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first watch the short video book trailer, then read the book:
The Grandfather Paradox: a time-travel story
Marooned in the present, their only hope for the future lay in the past.
But first there was still the small matter of staying alive. The planet they were marooned on was crawling with bird-beasts, immense parrotlike carnivores that stood two meters tall, weighed upwards of fifty klogs, and had a giant scooped beak like a pelican. They normally swallowed their prey whole, though not before crushing them to death in their vise-like jaws.
Then there were the vipers — writhing snake-like creatures armed with dozens of sucker-bearing tentacles. They sprayed their victims with acid, then ate them while they were still alive.
But it got worse. Much worse . . .
Now, join Andu Nehrengel and his female clone companions on an intense voyage through time. First stop: the Civil War and the Battle of Shiloh, April 1862, one of the most horrendous land battles of all time. Meet Mark Twain when he is still a riverboat pilot. Journey with him north to Missouri when he joins the Confederacy.
Then it’s back to the future and on to Mars!
Available on Amazon.
It is a hot summer’s day on the pampas of central Ancòn some twenty kloms inland from the briny sea. A herd of small, horse-like animals are grazing peacefully in the warm sun. None of the animals are aware of the vigilant creature lurking fifty meters away in the tall grass. This creature — the female of the species — is an aggressive hunter. She is presently hidden from view by the lush vegetation that blankets the lower elevations.
The she-hunter is a carnivore, one that resembles a giant, oversized parrot, though much more dangerous. She is equipped with a trim, feathered body, a pair of reptilian eyes, and a massive beak she uses to gulp down huge swaths of flesh. The eyes are set far apart on opposite sides of her disproportionately large head. They remain fixed at all times on the grazing herd.
The creature’s immense head sits atop a long and powerful neck. The head swings from side to side in rapid jerks. This is a reflex habit. It permits the predator to keep a fix on her prey, even without benefit of stereoscopic vision.
Before long the head drops down to the level of the grass. The creature edges forward. But, after several meters, she seems to change her mind. She stops, again raises her oversized head and renews her surveillance. With cold, reptilian eyes the female bird-beast scans the herd for any sign that she has been spotted. Seeing none, she puts her head back down again and advances further. At a distance of perhaps thirty meters, the carnivore is ready to strike.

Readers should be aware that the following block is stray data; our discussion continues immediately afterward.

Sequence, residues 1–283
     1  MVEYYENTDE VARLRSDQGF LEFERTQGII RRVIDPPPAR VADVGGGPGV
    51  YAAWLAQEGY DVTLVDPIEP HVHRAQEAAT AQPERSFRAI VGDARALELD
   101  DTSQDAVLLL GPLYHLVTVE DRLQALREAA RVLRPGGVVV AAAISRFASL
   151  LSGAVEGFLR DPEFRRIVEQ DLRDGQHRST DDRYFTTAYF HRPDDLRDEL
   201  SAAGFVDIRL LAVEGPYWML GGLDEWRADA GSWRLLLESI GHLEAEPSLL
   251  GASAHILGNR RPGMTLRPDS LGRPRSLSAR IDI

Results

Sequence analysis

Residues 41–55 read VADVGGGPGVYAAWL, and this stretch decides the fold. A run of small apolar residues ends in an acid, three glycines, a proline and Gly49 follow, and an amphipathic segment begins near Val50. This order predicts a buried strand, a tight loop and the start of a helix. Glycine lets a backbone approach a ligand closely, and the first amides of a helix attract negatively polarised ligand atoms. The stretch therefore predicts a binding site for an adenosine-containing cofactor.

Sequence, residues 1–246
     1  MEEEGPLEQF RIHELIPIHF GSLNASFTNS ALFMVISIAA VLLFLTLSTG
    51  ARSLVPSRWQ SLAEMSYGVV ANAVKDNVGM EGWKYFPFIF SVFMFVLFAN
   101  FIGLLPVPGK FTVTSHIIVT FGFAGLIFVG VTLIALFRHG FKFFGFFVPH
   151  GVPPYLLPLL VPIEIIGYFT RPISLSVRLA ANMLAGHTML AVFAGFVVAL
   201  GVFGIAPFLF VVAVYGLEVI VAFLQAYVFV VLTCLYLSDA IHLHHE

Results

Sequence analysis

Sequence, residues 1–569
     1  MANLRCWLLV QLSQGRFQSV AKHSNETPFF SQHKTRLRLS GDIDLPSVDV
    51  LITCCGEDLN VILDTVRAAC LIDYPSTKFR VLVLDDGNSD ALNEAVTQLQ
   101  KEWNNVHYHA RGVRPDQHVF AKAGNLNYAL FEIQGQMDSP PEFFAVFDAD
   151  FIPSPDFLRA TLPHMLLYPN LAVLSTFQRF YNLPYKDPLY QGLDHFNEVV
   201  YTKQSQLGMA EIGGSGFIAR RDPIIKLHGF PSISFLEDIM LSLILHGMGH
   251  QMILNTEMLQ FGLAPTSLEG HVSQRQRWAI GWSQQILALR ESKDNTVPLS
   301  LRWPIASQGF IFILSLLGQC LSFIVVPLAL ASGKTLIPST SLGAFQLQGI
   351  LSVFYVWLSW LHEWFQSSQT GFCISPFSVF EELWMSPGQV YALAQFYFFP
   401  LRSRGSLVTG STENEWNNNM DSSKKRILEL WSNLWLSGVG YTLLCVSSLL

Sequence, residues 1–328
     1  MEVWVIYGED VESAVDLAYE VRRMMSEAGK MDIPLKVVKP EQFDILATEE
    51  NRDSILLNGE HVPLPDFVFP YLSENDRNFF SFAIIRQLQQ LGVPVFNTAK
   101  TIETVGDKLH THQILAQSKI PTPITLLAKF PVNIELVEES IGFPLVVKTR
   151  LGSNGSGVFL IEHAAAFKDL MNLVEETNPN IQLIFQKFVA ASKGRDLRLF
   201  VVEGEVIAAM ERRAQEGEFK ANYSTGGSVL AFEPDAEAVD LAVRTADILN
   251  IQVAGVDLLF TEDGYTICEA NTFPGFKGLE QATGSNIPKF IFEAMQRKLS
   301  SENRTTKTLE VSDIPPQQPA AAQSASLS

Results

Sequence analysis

The creature scratches at the ground now with her claw. She lowers her head to a large rock close by her feet. Then she rubs her cavernous snout against the boulder. This is instinctual behavior. Such rubbing sharpens the beak’s bladelike edges and completes her preparations for the impending attack. Back and forth she goes, until the beak’s edges are razor sharp.
Now the terrible bird-like beast bristles her short feathers and springs from the tall grass. She dashes forward toward the herd at high speed propelled by a pair of long, muscular legs. Within seconds, she is bearing down on her prey at close to seventy kloms per hour. Her small wings, useless for flight, are extended out to the sides for balance and maneuverability.
Stricken with fright, the herd bolts in disarray as the predator bears down upon them. Undeterred, the attacker fixes her attention on an old male. He is lagging behind the rest of the fleeing animals. Although the old male is running desperately fast to escape annihilation, the she-beast quickly gains on him. Only moments later, she is at his side.
Now, with a stunning sideswipe of her powerful left foot, the attacker knocks her prey off balance. She seizes the fallen male in her massive beak and beats the hapless animal against the ground with repeated swinging motions of her giant head. All too quickly the victim succumbs and the attacker swallows the limp body whole. It is an impressive feat, even when one considers the bird-beast’s meter-long head and nearly as wide gape of her beak.
With stomach bulging, the gorged predator lumbers slowly back to her round nest of twigs in the nearby grass, where she resumes incubating her eggs. There are two eggs in the nest, each roughly the size of a basketball.
She squats down upon the eggs and, like a good mother, grunts with satisfaction. Something approaching a contented smile erupts on her giant, parrotlike face. Continue reading